Polluting firm ignored own management system

30th April 2014


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Related tags

  • Waste ,
  • EMS ,
  • Corporate fine ,
  • Prosecution ,
  • Environment agencies

Author

Laurie McGee

Waste treatment business Eco Oil has been fined £30,000 after staff at its Ipswich plant failed to follow the site's management system and allowed oil to escape into the River Orwell, breaching its environmental permit

In July 2012, heavy rainfall overwhelmed an underground tank at the site used to separate oil from contaminants. The rainwater mixed with the liquid in the tank and overflowed into the site’s concrete yard, where it flowed into a drain that emptied into the river.

The pollution contaminated a four-mile stretch of the Orwell, close to designated sites of special scientific interest and special protection areas for birds and wetlands. A dozen swans were affected by the oil and one died.

Ipswich Magistrates’ Court was told that staff at the waste oil treatment plant had failed to make contingency plans to deal with heavy rain, despite Eco Oil’s operating procedures, which had been certified against ISO 14001 less than eight months before, stating they should do so.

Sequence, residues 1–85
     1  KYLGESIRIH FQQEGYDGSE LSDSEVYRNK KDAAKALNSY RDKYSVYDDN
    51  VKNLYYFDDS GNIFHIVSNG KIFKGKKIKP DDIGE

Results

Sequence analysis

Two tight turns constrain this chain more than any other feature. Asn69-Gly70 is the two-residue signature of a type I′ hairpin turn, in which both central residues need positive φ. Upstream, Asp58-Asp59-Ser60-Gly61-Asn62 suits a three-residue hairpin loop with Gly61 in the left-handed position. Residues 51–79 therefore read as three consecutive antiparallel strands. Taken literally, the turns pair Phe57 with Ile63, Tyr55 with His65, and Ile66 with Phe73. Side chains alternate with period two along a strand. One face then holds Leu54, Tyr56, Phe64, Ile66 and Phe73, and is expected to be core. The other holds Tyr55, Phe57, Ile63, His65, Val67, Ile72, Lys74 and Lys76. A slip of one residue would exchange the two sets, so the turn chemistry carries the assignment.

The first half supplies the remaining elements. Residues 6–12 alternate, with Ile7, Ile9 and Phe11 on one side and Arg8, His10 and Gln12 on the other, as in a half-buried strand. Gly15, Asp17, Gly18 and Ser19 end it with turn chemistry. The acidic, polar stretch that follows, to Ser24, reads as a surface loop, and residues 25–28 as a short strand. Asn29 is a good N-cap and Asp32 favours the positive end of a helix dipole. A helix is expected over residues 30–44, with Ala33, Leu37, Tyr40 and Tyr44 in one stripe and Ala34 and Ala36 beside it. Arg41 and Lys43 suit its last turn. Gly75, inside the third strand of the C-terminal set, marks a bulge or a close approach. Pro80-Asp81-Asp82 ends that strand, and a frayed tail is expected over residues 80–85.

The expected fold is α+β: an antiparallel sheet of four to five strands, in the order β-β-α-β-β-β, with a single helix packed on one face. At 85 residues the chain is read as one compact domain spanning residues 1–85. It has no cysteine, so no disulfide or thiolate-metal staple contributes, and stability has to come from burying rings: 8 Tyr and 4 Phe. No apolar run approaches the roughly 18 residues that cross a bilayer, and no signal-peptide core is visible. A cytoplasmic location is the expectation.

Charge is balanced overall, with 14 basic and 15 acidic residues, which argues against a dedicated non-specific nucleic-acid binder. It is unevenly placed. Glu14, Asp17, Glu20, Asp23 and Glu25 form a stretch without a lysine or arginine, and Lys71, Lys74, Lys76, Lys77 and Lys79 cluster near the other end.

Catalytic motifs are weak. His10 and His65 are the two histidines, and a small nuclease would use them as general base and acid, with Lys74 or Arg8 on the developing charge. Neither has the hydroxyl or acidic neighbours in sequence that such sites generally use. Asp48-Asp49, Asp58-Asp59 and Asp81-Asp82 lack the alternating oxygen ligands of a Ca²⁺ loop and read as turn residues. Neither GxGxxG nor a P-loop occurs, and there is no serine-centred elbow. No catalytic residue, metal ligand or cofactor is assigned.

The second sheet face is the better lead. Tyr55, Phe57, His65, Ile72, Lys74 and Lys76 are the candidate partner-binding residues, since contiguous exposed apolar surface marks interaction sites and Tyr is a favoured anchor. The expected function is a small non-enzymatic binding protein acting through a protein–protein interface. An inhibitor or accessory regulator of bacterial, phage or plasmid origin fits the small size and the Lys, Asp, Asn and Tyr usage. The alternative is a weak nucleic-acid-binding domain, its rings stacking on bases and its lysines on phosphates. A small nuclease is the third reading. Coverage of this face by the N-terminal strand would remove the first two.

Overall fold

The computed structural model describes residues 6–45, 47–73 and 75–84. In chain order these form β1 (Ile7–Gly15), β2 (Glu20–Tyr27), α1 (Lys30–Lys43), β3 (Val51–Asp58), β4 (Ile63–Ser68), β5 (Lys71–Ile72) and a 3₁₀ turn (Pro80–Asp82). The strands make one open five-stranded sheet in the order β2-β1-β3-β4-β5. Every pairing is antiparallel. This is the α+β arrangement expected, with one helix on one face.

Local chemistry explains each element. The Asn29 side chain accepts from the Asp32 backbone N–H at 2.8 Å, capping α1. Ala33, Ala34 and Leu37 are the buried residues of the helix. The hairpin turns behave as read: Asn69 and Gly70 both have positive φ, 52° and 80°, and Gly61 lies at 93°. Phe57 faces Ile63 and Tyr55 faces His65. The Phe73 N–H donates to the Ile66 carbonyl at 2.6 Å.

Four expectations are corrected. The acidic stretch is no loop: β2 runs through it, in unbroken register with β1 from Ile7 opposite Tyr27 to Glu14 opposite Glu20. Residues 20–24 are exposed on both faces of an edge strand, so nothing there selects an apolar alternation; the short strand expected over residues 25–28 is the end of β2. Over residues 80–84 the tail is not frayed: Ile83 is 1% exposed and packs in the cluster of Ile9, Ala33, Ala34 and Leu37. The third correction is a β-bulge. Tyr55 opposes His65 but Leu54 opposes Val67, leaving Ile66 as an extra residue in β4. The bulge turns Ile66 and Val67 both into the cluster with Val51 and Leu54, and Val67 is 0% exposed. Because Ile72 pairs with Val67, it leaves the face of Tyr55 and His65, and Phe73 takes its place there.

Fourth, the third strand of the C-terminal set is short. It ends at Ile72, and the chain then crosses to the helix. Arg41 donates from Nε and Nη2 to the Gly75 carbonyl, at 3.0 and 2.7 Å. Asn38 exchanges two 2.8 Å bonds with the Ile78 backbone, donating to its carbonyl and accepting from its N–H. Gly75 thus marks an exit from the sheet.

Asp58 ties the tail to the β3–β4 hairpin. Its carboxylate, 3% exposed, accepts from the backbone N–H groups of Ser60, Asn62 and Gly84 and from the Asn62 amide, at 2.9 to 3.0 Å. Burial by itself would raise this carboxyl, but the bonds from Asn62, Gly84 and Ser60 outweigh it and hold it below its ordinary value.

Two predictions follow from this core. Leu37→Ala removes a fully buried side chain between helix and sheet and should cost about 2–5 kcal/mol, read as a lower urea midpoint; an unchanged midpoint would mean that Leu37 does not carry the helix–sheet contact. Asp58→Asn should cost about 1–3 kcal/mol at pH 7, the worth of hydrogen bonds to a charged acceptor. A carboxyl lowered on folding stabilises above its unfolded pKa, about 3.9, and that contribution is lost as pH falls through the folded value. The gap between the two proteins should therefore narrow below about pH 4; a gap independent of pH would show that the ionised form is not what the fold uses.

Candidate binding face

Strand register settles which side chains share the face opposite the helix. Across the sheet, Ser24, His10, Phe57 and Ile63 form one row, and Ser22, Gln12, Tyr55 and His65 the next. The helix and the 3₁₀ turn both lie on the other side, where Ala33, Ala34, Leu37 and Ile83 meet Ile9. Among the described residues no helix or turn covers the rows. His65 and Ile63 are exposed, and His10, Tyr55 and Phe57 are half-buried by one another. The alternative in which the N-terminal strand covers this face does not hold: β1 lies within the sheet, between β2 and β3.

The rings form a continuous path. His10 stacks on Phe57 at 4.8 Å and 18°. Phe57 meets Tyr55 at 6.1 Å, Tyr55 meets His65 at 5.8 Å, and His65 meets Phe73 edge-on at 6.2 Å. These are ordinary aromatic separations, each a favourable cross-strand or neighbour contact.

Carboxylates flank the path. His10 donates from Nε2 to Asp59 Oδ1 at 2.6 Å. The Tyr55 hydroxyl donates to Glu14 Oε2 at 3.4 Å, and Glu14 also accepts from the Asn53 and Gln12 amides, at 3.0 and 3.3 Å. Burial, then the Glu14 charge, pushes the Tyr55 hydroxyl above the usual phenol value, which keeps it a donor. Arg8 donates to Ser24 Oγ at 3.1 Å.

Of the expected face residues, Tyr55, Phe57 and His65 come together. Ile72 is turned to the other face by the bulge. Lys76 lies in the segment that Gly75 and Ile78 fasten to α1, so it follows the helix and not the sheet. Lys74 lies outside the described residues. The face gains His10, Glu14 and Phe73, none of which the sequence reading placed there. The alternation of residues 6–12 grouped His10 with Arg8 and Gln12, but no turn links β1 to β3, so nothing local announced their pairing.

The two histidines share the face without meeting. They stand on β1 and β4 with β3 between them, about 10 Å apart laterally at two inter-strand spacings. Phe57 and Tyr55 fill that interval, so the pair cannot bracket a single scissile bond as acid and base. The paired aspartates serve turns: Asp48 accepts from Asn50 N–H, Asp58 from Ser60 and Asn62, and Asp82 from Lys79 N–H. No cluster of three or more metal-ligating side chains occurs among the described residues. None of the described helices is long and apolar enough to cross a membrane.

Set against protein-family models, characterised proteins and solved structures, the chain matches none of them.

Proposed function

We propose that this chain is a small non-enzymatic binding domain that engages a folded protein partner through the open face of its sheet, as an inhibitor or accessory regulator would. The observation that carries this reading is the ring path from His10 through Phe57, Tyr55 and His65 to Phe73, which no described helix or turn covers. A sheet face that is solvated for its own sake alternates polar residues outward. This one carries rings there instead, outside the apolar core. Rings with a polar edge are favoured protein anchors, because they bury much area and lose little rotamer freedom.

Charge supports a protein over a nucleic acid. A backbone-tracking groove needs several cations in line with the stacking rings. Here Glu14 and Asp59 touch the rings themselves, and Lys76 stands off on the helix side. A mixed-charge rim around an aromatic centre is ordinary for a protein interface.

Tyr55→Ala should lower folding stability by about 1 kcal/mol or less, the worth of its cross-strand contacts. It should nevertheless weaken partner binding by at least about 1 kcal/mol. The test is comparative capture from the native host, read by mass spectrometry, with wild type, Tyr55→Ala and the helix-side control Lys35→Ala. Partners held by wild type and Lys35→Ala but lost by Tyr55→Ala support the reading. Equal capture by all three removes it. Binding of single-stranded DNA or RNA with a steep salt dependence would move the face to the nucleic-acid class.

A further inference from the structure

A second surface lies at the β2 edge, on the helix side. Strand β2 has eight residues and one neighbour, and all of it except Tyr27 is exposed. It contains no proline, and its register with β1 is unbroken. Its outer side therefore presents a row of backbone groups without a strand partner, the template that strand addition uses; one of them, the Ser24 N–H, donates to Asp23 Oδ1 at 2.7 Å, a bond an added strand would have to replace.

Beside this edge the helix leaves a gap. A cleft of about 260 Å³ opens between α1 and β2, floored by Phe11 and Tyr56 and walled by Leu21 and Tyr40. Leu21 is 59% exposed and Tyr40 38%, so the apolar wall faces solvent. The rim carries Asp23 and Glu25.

The firm also failed to notify the Environment Agency of the incident and the pollution was discovered by the Felixstowe Volunteer Coast Patrol Rescue Service during a routine patrol.

Agency officer Adrian Sherman said: “The company failed to check the weather and the site was unmanned at a time when heavy rainfall was predicted. The effect [of the pollution] on the river was serious but could have been avoided altogether. The port authority acted quickly and, because of this, the oil was contained to prevent it affecting downstream protected habitats.”

The court fined Eco Oil £15,000 for allowing polluting matter to enter the Orwell without an environment permit and £15,000 for failing to manage its site in accordance with its permit, namely a written management system to manage pollution risks. While acknowledging that the firm had improved its practices and procedures, the magistrates said the pollution had caused “significant environmental damage”.

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